Every time a colleague in ministry wants to bemoan the challenge of a pandemic Advent and Christmas and their waning creative energy I counter with “but you don’t have to come up with this on your own! There’s this great new book called Faithful Families for Advent and Christmas and you should buy it for every family in your congregation.” I have made this declaration probably a dozen times over the month of October, as clergy work to solidify Advent preaching and teaching themes for the coming season. 

It is true that this Christmas will be strange this year, how could it not when the year itself has been so incredibly unpredictable and weird. However, I am an Advent and Christmas optimist, especially this year. The liturgies of capitalism are crumbling–there will be no crowded malls, retailers desperate to save themselves are already offering up their greatest  deals weeks before Black Friday and our beloved communities have not been financially untouched by the economic impact of Covid. Shopping our brains out won’t heal what is broken in us this year. I think this year more than any other people’s hearts are open to a new liturgy, new rituals and stories to make meaning of this story we are living. I believe this year, people are profoundly open to a new story, the old story of faith. I believe that people want a faith that can meet them in the muck of this year and help make meaning out of mess, beauty out of what is broken. 

That is why I find Traci K Smith’s newest book Faithful Families for Advent and Christmas: 100 Ways to Make the Season Sacred the perfect resource for families and churches looking to make Christmas meaningful at home. This book includes short reflections on a different aspect of the Christmas story for families to use each week, opportunities to practice generosity and gratitude and prayers to make small moments holy moments. 

The best part for this pandemic-weary mother of littles is that this collection of prayers, liturgy and practices doesn’t require I have Pinterest Jedi Master level of craft skills or the creativity of a PTA mom hyped up on Dr Pepper. They meet the small moments and ordinary Christmas practices we already have in place. There’s a prayer for decorating the house. How beautifully simple is that, that in the absence of a church sanctuary hanging of the greens service, we can make holy our own hanging of the greens? There are activities in this book but none of them require more than the very basic of supplies you can find around the house.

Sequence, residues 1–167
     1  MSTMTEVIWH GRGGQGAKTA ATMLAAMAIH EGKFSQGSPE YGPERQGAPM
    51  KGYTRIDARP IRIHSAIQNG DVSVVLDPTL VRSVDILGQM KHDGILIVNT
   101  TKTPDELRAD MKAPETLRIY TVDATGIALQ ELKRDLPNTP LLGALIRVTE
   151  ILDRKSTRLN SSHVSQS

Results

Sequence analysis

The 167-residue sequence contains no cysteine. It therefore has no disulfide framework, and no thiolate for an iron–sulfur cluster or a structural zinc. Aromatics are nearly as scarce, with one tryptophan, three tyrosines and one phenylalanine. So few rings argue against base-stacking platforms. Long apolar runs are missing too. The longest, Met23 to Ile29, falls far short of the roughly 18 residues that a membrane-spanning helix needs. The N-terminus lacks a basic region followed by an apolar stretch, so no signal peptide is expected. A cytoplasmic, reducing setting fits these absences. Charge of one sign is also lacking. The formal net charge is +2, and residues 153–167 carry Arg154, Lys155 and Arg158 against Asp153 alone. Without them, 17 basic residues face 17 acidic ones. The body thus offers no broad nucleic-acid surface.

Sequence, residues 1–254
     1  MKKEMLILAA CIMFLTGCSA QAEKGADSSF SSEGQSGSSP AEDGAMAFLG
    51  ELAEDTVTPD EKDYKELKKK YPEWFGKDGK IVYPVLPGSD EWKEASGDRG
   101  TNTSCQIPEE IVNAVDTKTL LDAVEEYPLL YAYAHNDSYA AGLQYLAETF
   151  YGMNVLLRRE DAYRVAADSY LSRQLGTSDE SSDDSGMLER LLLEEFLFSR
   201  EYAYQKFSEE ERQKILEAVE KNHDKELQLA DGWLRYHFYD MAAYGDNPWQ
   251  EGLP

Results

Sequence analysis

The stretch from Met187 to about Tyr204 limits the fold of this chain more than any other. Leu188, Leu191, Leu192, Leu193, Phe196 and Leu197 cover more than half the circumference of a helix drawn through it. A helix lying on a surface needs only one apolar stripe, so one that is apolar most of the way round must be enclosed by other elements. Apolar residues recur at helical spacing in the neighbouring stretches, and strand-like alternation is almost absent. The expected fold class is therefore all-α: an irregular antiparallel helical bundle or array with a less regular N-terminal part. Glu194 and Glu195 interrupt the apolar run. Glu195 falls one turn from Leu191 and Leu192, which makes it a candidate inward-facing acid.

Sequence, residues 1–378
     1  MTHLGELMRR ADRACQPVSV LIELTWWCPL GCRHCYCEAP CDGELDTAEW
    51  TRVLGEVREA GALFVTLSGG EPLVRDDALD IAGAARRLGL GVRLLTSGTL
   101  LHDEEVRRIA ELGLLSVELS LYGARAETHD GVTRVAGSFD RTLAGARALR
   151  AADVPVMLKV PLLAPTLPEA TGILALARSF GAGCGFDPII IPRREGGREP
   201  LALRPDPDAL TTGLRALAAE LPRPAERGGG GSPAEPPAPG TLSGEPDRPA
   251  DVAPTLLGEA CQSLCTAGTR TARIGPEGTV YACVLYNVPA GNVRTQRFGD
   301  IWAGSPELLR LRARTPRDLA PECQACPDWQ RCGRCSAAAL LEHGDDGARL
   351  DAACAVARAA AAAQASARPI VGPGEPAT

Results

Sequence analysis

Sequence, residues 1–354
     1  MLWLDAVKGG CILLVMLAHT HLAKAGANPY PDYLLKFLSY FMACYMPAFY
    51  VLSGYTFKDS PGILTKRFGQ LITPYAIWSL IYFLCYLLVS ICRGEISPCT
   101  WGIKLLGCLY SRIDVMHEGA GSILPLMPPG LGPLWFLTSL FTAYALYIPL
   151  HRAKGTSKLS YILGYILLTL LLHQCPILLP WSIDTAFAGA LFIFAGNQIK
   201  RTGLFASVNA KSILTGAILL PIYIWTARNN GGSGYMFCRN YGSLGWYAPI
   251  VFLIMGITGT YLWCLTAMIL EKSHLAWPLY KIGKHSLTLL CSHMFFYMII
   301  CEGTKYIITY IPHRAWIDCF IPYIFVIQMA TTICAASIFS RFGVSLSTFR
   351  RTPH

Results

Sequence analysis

I love the teaching on generosity that encourages giving year round, the spiritual practices for decorating and the reflection question to help reflect on the year and season and make meaning as a family. The great thing is that they activities, reflections and conversation can be re-used each year as your kids age and your family changes. They are timeless without being bland, dynamic without being unmanageable. I look forward to using this book this year and in the years to come. 

If you are interested in other Advent resources for families you can check out my list of favorite  25 Children’s Books for Advent and Christmas. For more original content you can’t find here on the blog, sign up for my twice a month newsletter. Reflections on faith and living, book recommendations and other good, nerdy fun. Sign up HERE. 

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